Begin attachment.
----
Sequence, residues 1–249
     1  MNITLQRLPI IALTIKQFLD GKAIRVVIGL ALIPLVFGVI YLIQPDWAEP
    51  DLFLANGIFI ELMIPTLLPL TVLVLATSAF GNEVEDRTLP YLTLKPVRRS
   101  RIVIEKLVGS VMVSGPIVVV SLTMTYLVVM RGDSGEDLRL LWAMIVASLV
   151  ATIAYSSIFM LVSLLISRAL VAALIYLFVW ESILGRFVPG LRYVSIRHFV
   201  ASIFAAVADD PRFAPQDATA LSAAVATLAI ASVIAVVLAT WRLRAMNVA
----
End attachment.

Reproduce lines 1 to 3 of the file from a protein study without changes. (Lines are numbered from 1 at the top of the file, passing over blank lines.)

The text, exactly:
Sequence, residues 1–249
     1  MNITLQRLPI IALTIKQFLD GKAIRVVIGL ALIPLVFGVI YLIQPDWAEP
    51  DLFLANGIFI ELMIPTLLPL TVLVLATSAF GNEVEDRTLP YLTLKPVRRS